I don’t ride bikes—not normally, anyways. But for my dear friend David I secured a sweet ride, donned the skimpiest biking shorts in my possession, and I rode.
I’ve known David for the better part of 10 years and over that time I saw what everyone else saw: He liked to laugh, but loved to make you laugh. He lived for his friends—the kind of guy that would walk you home at 2am, just to make sure you got there safely. He was a man of honor. One of David’s mottos was “no man left behind.” It was a code he lived by—a code he extended to the myriad of ladies in his life. Ha!
You didn’t call David your friend; you called him your brother.
So, when an opportunity came to honor his name I jumped on it—a bike that is. Ride Don’t Hide is an annual bike ride with the goal of ending the stigma around mental illness and strengthening and supporting the mental health of everyone. I took my place alongside ten of his friends, plus my two “willing” kids in tow, and together we rode for David.
As we leisurely cruised the streets of Vancouver I thought of my friend. I began to wonder how riding a bike with a thousand other people honored my brother. What was this all about?
There are times in life when you can get caught up doing a task but fail to step back and appreciate and understand something deeper, something more meaningful. As I rode I wanted to take that step back to see the bigger picture, to reflect, to understand, to do more than just ride. So as I sat in my seat, that strangely resembled the head of a pick-axe and left my caboose feeling like I had been sitting on, well, on the head of a pick-axe, I took it all in. I wondered what I should take away with me, I wondered how I could honor the man that we all missed dearly.
We were about 7 Kilometers into our 10K ride when I noticed that three people from our group, including my wife Gina, were no longer riding in the pack. We pulled over and waited.
And we waited.
Something must have gone wrong, because they had been keeping up pace for most of the ride, until now. I remembered David’s motto: No man left behind. I speedily turned my bike-turned-noble-steed around and galloped off in valiant search of the “fallen” riders. David would have done the same.
When I found the missing trio they were dealing with Gina’s broken bike (never buy a bike on craigslist). The gears had broken off the axle, which meant you could peddle but you wouldn’t go anywhere. They were on the phone calling for someone to come with a van to get the broken bike and my wife back to the finish line. After all, how could she finish the ride with a broken bike?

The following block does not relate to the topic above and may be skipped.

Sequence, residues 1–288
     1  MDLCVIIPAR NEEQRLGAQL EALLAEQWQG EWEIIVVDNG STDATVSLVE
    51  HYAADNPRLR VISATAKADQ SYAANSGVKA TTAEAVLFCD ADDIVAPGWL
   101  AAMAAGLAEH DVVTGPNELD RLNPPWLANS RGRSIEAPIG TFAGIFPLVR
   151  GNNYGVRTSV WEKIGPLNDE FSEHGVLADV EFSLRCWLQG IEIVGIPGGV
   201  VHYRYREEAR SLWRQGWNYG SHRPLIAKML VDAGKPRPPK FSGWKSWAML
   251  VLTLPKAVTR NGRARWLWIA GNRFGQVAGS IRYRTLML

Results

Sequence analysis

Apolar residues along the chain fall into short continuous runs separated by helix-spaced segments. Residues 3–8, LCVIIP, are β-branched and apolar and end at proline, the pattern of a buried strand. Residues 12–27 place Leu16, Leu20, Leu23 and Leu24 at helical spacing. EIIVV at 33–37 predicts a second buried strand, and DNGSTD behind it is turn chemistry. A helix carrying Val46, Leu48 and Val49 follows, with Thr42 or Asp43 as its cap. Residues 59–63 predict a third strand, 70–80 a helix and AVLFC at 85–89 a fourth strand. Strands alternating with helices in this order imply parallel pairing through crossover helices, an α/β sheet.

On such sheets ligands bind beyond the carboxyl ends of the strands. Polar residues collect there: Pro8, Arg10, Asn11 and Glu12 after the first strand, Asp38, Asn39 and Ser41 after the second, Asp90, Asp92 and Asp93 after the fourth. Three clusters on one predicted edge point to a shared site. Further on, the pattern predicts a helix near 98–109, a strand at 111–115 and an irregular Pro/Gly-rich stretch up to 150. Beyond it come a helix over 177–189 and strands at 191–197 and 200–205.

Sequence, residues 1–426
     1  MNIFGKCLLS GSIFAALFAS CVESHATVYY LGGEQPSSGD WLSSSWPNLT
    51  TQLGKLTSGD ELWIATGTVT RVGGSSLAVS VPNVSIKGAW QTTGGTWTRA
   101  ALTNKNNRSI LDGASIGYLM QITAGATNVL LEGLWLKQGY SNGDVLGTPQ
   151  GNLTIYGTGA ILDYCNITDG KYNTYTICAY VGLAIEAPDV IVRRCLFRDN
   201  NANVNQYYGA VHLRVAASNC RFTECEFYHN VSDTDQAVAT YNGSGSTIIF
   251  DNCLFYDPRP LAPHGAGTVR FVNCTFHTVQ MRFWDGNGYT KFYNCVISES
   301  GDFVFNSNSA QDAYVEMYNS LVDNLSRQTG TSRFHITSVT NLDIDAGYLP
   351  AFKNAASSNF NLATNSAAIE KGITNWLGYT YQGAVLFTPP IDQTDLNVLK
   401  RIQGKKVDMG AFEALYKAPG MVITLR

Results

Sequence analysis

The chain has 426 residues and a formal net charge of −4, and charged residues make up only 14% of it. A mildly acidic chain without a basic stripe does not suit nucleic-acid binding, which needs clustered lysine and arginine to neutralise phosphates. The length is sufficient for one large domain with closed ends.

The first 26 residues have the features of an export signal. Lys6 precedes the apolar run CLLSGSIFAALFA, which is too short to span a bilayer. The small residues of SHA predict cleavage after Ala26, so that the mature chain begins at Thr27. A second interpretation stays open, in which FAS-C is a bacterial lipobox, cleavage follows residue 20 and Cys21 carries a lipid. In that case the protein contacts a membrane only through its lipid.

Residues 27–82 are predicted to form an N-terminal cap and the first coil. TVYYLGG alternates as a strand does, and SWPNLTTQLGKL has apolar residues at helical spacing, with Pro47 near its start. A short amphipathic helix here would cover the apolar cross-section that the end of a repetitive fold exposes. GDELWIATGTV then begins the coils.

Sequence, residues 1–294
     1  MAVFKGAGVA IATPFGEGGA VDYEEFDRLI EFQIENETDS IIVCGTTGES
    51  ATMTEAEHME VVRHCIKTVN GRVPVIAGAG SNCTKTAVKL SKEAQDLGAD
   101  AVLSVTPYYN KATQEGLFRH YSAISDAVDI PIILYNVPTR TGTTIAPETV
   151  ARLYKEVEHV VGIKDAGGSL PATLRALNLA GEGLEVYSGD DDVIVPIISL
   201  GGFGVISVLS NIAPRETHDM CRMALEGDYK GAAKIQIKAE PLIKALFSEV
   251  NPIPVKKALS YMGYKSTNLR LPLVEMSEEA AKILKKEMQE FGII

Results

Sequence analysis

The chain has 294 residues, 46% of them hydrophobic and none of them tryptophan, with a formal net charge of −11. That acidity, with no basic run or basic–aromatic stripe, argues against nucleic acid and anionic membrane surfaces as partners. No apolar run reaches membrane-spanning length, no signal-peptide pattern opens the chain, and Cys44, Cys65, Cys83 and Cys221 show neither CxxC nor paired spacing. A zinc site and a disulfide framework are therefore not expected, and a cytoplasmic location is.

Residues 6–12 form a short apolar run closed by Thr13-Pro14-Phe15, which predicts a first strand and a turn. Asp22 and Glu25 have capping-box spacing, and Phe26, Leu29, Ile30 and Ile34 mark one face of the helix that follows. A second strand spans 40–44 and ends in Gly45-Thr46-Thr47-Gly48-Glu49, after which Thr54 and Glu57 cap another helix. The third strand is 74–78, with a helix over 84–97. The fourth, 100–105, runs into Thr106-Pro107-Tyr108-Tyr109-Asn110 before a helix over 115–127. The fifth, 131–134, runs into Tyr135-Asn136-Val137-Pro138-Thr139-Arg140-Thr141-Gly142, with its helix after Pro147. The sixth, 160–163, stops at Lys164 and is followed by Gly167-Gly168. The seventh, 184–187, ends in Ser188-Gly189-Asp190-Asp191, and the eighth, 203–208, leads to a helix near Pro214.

The thought of not finishing as a group felt like failure to me. I’m sure David wouldn’t have minded, but for me there was no way we weren’t finishing that ride together. I gave Gina my bike and I took the craigslist failure and rode it like a scooter, sitting in the seat and propelling it forward with one kick of the leg at a time. Of course, the group laughed. I felt like my friend—he liked making you laugh. I was pretty fast at first. It’s quite amazing how much energy you can have then you’re showing off. I flew past the rest of our team—me and my broken bike.
After about a kilometer things got difficult. My paced slowed, my legs fatigued, I wondered if I could actually finish. Riders were flying past me, cycling with seemingly effortless revolutions. I began to envy how easy it was for them.
That was of course until the blessed down hill. Picking up speed I felt like I was going to make it. Everything was going to be okay. I can do this, I said to myself. It didn’t last long, of course. I learned the reverse-Newtonian law of biking: for every downhill there is an equal and opposite uphill. So for the last three kilometers of my ride I experienced the thrill and hope of the downhill along with the despair and frustration of the up.
That’s what life is like when you’re riding a broken bike.
It didn’t take me long to make the connection. David, in a manner of speaking, had been riding a broken bike. I began to recall our countless conversations. Some of them sounded like he was cruising down the hill, confident, optimistic, believing he could take the world by storm. Other times he was straining to make his way up hill, watching others speed past him with such ease. I remember him asking me on a few occasions why life seemed so easy for other people. That’s what life is like when you’re riding a broken bike, when you are dealing with mental illness.
I started my ride wanting to honor my friend, I ended with a small window into his experience.
Part of me wanted to stop, but you know what kept me going? It was the other riders on our team. From time to time they would check in on me or ride with me for a while. “You’re doing it!” they would say. I knew we were in it together and that kept me going.
No matter what bike you’re riding these days, no matter what shape it’s in, I’m riding with you. And it’s not just me. There are many others who are riding alongside. Some of us know what you’re feeling because we’re riding a similar bike. Others of us have only experienced a small window into what it’s like for you. But be sure of this: we ride together. There is friendship and hope when we ride together. There is healing.
We’d be honored to ride with you.